When Is Losing $112 Per Passenger Good News?

When you’re Amtrak, says Nick Gillespie. Read on, here. (Nick also digs into Amtrak’s lousy food service andââ?¬â??with toilet doors spontaneously flying openââ?¬â??bathroom service doesn’t seem much better.) His post spurred quite a lot of discussion about subsidies and whether Amtrak is more of a drain than say, highways, transit, or the airlines (who are always happy to receive government bailouts). Here I give the lowdown on federal subsidies, highways vs. transit. And here Bob Poole cites this Bureau of Transportation Statistics study and adds other modes to the mix:

The results should put to rest spurious claims that highways are more subsidized than Amtrak. On the basis of net federal subsidy per thousand passenger miles, Amtrak finished first, at $186 per thousand, over the 1990-2002 period. In second place was transit, at $118 per thousand. For highways overall, the comparable figure was minus $2ââ?¬â??i.e, highway users paid in more than they got back. And in aviation, the airline subsidy was $6 per thousand, while general aviation’s was $90 per thousand. And in case you are wondering what might be obscured by the normalization by passenger miles, let’s also look at the total dollar amounts of net federal subsidy. By this metric, urban transit got the most, averaging $5.1 billion a year (in 2000 dollars) during this time period. Airlines were second, averaging $1.9 billion a year (mostly for FAA safety-related costs covered by general fund appropriations). Amtrak was in third place, averaging just over $1 billion per year over this 13-year period. And over this same period, the highway system was a net provider of federal funds to the tune of $7.4 billion per year (though that’s been trending downward since it peaked at $11.7 billion in 1998).

And here (no link) Bob cites the Federal Highway Administration’s 2002 Highway Statistics report to go beyond federal subsidies:

Table HF-10 of that report shows that gas taxes, other auto excise taxes, and tolls amounted to over 76% of total federal, state, and local highway spending. Even after accounting for the fact that nearly 14% of those user tax monies are diverted to non-highway purposes, the table still shows that 60% of total highway spending comes directly from user taxes and tolls. A longer-term analysis shows that monies collected from highway users over the years 1961 through 2002 ranged from a low of 66% of all highway spending (in 1981) to a high of 92% (in 1996).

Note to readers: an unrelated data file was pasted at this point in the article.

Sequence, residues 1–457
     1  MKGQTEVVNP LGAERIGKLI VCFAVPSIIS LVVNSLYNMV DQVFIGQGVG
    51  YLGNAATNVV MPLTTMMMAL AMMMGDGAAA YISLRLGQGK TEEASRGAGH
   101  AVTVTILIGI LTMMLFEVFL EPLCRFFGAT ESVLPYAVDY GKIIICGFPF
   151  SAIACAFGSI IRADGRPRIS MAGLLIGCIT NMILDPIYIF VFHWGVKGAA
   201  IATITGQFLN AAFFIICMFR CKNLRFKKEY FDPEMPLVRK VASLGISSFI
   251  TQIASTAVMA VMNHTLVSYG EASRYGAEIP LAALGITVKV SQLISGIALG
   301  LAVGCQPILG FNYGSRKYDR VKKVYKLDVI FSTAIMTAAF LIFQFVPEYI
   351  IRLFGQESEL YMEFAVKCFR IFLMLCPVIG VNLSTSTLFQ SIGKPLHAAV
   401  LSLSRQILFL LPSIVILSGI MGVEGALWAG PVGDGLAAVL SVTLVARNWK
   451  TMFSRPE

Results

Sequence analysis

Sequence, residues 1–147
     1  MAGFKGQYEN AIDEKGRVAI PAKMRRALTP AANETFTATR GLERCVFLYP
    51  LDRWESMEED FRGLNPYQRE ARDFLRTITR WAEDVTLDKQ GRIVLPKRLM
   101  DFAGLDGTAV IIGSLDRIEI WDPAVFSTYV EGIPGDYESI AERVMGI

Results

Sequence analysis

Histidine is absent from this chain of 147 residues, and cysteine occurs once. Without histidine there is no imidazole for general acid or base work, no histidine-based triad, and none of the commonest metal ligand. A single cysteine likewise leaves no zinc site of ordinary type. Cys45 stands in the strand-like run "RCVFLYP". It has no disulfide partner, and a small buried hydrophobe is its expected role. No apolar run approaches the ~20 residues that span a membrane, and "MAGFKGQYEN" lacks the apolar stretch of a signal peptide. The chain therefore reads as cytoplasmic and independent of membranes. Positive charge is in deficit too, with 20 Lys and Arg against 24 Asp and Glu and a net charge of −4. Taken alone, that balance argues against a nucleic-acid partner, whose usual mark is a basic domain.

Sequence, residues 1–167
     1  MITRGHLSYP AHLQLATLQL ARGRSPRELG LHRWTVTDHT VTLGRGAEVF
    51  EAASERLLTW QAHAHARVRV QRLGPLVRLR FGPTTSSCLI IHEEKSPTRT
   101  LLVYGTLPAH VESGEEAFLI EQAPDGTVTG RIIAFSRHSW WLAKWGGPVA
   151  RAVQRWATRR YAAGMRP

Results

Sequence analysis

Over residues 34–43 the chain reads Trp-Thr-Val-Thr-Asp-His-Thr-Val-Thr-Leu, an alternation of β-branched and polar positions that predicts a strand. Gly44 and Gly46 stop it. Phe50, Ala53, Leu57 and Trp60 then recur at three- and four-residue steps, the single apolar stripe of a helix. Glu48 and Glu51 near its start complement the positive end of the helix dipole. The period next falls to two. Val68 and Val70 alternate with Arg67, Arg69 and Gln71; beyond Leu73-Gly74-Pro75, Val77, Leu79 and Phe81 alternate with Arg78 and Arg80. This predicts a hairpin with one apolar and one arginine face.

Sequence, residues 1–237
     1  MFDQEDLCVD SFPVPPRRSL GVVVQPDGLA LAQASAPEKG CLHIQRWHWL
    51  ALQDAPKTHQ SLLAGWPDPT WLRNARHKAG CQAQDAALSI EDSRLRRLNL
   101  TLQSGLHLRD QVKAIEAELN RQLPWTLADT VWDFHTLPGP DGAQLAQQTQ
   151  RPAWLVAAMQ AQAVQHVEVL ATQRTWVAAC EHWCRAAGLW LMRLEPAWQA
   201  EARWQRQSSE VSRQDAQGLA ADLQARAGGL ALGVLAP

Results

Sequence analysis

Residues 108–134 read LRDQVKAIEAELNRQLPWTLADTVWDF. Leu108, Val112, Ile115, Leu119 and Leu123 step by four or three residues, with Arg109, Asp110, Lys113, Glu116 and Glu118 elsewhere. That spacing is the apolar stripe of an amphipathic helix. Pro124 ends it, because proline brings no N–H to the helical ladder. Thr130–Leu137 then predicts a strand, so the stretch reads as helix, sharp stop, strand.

Even if all of our cars vanished we’d still need roads for, say, emergency services (better than having EMTs take heart attack victims to the hospital via Amtrak). Some say issues like that provide good justification for some general revenue dough going to roads. Plus the vast majority of stuff that we buy gets to stores by trucks that travel on roads. And a bit more on transit: Although some vanpool services are in the black, all U.S. transit systems operate in the red (see the “recovery ratio” column on the far right). And sadly, the fact that all transit agencies lose money is actually a rhetorical advantage for individual agencies. It gives the impression that transit is, by nature, a money loser. That’s not exactly true, but you’ll have to leave the states to find examples of in-the-black transit. And even in America there are ways to lose less money (e.g. competitive contracting.) BTW, Nick points to this article. Some nuggets:

The Bush administration yesterday endorsed a recommendation from the Transportation Department inspector general that Amtrak eliminate its food service and sleeper cars on some long-distance routes in a drastic effort to cut costs. The dining and sleeper cars cost Amtrak more money than they generate, but railroad officials have told Congress they are important parts of their customer service. “Overall, our analysis shows that eliminating sleeper cars, dining cars and other amenities on Amtrak’s long-distance routes could save between $75 million and $158 million per year in operating costs and avoid an additional $79 million in planned annual capital expenditures,” a report released yesterday by Transportation Department Inspector General Kenneth Mead said. Other amenities the report recommends cutting include on-board entertainment, lounge seating and checked baggage service. … Last year, Amtrak lost $600 million on its 13 long-distance routes of more than 500 miles. They include the Capitol Limited that operates between Washington and Chicago and the Auto Train the runs between Lorton, Va., and Sanford, Fla., near Orlando. The Capitol Limited lost $208 per passenger in sleeper cars last year compared with $112 per coach passenger. None of Amtrak’s routes nationwide operates profitably, when infrastructure costs are included, including the 23 shorter regional routes, such as Pennsylvania’s Keystone route and California’s San Joaquin route.

For more background on Amtrak, go here.